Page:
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Web giants bag former US gov advisor to head up lobbying group

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Tech heavyweights have clubbed together to fight Washington policies they don't like with the launch of a new lobbying group called the Internet Association, which is calling itself the "unified voice of the internet economy".

The group's website is sparse and the only announcement it's made so far is that Michael Beckerman, a former advisor to the chairman of the US House of Representatives' Energy and Commerce Committee, will act as its first president and CEO.

The association said that it would release more information about the group, including a full list of the companies involved, in September when it formally launches. But sources whispered to Reuters, AFP and others that Google, Facebook, eBay and Amazon were among the firms involved.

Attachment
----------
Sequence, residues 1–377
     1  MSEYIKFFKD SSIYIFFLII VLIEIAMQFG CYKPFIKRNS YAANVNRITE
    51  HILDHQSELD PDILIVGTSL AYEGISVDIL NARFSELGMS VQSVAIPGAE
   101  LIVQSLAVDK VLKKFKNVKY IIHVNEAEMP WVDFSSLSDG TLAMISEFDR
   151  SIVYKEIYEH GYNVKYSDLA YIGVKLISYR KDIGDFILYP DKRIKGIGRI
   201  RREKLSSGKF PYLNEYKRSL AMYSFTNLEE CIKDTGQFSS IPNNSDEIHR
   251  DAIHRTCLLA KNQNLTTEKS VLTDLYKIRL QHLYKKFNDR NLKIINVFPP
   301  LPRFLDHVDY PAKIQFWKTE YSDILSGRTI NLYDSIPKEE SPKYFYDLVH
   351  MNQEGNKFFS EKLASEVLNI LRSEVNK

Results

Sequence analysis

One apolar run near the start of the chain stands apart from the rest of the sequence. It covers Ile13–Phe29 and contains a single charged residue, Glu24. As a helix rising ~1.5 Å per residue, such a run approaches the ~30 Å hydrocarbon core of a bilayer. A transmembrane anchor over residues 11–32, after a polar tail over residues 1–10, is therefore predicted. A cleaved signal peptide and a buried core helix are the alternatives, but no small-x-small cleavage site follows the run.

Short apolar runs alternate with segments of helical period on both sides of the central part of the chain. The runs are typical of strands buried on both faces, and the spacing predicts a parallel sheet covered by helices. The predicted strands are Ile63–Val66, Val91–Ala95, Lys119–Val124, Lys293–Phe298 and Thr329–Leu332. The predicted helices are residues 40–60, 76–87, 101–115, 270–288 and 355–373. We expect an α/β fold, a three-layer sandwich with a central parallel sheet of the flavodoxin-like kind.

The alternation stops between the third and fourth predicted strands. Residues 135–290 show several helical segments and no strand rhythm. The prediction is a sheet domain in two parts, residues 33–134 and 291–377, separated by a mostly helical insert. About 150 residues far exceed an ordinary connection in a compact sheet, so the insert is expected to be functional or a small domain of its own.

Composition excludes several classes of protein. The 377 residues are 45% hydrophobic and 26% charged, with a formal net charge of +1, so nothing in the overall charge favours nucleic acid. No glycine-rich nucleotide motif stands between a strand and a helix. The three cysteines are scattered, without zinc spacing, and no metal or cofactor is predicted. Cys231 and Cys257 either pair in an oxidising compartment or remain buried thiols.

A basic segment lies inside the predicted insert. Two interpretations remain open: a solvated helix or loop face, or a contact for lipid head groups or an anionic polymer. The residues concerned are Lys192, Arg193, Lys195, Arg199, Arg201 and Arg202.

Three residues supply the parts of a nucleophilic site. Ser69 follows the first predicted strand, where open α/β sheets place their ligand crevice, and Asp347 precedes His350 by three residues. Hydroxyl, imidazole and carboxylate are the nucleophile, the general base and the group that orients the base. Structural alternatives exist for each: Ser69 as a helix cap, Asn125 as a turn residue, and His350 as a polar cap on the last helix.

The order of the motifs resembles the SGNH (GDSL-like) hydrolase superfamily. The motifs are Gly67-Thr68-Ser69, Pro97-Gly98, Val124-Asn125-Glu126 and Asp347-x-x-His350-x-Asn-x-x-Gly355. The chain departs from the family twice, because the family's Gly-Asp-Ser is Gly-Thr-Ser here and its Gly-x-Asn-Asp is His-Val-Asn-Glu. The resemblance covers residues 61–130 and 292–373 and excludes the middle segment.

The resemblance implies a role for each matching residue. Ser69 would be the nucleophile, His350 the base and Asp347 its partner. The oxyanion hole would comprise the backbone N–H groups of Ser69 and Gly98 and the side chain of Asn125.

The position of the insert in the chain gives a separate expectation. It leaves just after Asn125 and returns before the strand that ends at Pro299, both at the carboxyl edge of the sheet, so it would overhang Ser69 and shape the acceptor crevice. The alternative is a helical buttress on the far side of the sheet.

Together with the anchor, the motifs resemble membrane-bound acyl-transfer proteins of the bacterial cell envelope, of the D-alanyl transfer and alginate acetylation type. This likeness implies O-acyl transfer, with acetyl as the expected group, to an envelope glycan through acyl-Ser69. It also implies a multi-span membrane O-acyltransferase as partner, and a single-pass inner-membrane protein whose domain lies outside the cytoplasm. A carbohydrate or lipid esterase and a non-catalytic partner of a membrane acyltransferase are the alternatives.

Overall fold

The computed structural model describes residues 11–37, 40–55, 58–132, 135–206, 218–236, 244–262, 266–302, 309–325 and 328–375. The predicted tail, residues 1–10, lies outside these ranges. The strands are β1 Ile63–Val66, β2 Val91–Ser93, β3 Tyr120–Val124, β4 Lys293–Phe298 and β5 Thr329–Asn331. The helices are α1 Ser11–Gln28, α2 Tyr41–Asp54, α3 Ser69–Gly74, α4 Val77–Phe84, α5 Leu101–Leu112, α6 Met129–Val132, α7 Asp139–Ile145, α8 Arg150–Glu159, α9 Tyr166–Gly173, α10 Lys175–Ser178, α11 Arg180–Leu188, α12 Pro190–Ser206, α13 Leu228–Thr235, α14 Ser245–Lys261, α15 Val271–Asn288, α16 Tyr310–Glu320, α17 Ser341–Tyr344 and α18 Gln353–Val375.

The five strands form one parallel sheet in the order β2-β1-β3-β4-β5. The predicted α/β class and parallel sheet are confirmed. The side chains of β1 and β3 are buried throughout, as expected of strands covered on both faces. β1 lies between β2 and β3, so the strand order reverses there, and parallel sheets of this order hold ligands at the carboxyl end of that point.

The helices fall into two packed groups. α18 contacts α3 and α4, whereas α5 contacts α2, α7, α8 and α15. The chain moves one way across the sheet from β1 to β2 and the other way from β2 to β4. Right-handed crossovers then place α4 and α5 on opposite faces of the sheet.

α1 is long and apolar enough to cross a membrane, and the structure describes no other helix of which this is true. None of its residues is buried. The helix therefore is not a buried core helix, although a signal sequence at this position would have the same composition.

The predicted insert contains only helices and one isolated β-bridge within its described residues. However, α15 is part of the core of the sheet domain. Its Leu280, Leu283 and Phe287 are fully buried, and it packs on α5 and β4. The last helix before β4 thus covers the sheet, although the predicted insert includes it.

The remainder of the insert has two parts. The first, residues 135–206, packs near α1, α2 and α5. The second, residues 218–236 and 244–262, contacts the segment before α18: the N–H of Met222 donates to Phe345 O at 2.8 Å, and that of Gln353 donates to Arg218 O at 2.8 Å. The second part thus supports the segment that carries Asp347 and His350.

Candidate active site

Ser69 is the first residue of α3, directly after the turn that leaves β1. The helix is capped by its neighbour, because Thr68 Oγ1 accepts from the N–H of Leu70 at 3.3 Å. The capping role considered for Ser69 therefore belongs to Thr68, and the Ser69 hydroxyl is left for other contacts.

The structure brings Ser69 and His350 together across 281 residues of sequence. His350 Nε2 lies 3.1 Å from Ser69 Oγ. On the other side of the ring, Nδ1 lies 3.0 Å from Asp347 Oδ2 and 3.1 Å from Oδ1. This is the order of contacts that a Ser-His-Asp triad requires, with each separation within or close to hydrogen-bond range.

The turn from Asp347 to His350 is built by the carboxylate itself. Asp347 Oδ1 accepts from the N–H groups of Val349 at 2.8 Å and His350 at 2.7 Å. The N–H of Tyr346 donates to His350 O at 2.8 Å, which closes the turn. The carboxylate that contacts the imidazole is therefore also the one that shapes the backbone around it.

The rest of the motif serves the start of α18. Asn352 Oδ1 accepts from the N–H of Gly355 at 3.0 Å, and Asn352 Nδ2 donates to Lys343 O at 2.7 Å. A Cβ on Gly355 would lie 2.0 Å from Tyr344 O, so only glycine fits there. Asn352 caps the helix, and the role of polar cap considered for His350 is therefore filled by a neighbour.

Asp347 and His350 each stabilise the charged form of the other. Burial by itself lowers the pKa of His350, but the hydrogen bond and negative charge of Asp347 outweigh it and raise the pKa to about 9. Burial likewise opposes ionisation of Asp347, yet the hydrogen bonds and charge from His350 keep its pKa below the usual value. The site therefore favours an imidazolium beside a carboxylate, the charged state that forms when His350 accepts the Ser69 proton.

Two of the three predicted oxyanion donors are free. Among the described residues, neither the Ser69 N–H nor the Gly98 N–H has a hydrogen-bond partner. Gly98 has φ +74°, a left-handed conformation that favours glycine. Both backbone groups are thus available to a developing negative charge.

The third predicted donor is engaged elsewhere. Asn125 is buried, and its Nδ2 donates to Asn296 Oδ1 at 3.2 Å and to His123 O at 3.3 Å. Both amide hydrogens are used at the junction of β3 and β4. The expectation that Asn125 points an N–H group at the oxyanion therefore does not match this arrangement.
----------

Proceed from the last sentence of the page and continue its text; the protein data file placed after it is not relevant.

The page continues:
"The newly-formed Internet Association is comprised of some of the world’s most visible internet companies and will be headquartered in Washington DC. Beckerman will lead the Internet Association’s efforts to advance public policy solutions that strengthen and protect an open, innovative and free internet," the group said in a canned statement.

As governments turn their legislative eye to the internet, web firms are becoming more involved in lobbying them to make sure the net stays the way they want it. Facebook, eBay and Amazon have all spend hundreds of thousands of dollars a year on lobbying various government bodies, while Google spends millions.

Issues like online privacy, piracy, taxes and advertising all have big impacts on internet companies and the big boys aren't known for being shy about making their views clear. The anti-SOPA protest is perhaps the most well-known example, when Google and Wikipedia joined smaller sites in "blacking out" their websites or noting their opposition to the bills on their home pages for 24 hours. ®

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